The Tisza River Catastrophe, 2000-2001 Case Study by Alf

The Tisza River Catastrophe, 2000-2001
A case study of the Romanian-Hungarian dispute over the cyanide spill that caused severe ecological damage to the Tisza River.
# 27255 | 4,055 words | 32 sources | MLA | 2003 | US

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This paper discusses the diplomatic tug-of-war that followed the January 2000 cyanide spill that began in Romania and entered the Tisza River in Hungary through the greater Danube River system. The paper shows that throughout the affair, both Romania and Hungary emphasized the need for clear, defined international legal agreements that would govern responsibility in the case of a trans-boundary environmental catastrophe. It also shows how, Romania used the absence of such an agreement to defend its position that it was free of liability in the matter.

From the Paper:

"The Tisza River catastrophe, aside from yielding irreversible ecological damage to the river basin area, has had severe repercussions for Romanian-Hungarian relations. While Romania and Hungary, both with designs on joining the European Union and attracting increased foreign investment, attempted to create an image of cooperation in dealing with the disaster, relations between the two countries became strained over issues of blame. The Hungarian government was vague in its demand for compensation, noting that it might not be able to hold the Austrian firm involved in the spill directly responsible. Even Hungary's position on whether to sue Romania was initially uncertain. A desire to promote an international image of stability led both countries to downplay the disaster and cloak the international dispute, but at the same time the Hungarian government had to contend with an outraged Hungarian population."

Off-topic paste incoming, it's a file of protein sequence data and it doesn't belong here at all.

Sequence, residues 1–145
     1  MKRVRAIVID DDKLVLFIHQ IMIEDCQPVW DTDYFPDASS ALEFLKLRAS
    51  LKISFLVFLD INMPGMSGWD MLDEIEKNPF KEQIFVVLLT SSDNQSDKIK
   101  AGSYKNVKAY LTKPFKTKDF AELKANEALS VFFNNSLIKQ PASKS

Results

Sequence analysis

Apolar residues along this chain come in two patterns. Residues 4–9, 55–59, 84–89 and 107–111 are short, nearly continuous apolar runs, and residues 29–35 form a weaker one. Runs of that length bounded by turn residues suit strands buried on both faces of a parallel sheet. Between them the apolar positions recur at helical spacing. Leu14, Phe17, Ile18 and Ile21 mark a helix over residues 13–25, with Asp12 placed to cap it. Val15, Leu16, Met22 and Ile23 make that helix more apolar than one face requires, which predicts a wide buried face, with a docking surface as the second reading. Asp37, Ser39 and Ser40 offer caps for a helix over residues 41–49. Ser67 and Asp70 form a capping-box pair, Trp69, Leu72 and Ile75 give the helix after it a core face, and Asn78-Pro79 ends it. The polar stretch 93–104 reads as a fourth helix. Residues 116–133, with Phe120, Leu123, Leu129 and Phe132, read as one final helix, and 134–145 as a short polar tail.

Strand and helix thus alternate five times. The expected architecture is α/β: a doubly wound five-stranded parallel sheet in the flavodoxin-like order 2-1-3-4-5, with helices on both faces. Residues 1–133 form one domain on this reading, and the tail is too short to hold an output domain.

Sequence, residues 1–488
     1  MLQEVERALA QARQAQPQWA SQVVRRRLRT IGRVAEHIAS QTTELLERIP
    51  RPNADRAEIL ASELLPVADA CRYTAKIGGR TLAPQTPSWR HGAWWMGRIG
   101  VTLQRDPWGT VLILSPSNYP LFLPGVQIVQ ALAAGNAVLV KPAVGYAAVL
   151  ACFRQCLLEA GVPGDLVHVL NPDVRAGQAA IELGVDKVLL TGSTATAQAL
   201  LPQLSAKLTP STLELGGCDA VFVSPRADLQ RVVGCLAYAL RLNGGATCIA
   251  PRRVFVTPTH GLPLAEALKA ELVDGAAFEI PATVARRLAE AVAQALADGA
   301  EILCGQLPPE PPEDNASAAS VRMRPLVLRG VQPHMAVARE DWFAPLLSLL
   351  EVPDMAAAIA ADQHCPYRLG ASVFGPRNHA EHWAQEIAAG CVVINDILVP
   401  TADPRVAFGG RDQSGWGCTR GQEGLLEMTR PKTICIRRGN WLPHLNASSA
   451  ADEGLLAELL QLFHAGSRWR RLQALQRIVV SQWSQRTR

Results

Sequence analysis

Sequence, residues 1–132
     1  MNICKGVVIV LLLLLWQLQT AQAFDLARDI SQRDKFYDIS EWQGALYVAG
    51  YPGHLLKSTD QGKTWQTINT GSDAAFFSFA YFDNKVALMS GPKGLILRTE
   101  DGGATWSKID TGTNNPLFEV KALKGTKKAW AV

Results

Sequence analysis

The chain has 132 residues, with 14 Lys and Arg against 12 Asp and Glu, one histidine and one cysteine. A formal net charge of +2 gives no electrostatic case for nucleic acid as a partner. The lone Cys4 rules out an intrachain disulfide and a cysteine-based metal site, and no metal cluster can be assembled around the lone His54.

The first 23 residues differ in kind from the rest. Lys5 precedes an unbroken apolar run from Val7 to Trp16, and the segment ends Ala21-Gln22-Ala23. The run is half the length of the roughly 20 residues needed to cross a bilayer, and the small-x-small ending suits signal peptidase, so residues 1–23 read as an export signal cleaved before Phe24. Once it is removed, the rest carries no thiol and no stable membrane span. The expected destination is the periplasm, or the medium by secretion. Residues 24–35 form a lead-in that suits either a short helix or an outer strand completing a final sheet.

Cite this Case Study:

APA Format

The Tisza River Catastrophe, 2000-2001 (2003, May 29) Retrieved April 14, 2021, from

MLA Format

"The Tisza River Catastrophe, 2000-2001" 29 May 2003. Web. 14 April. 2021. <>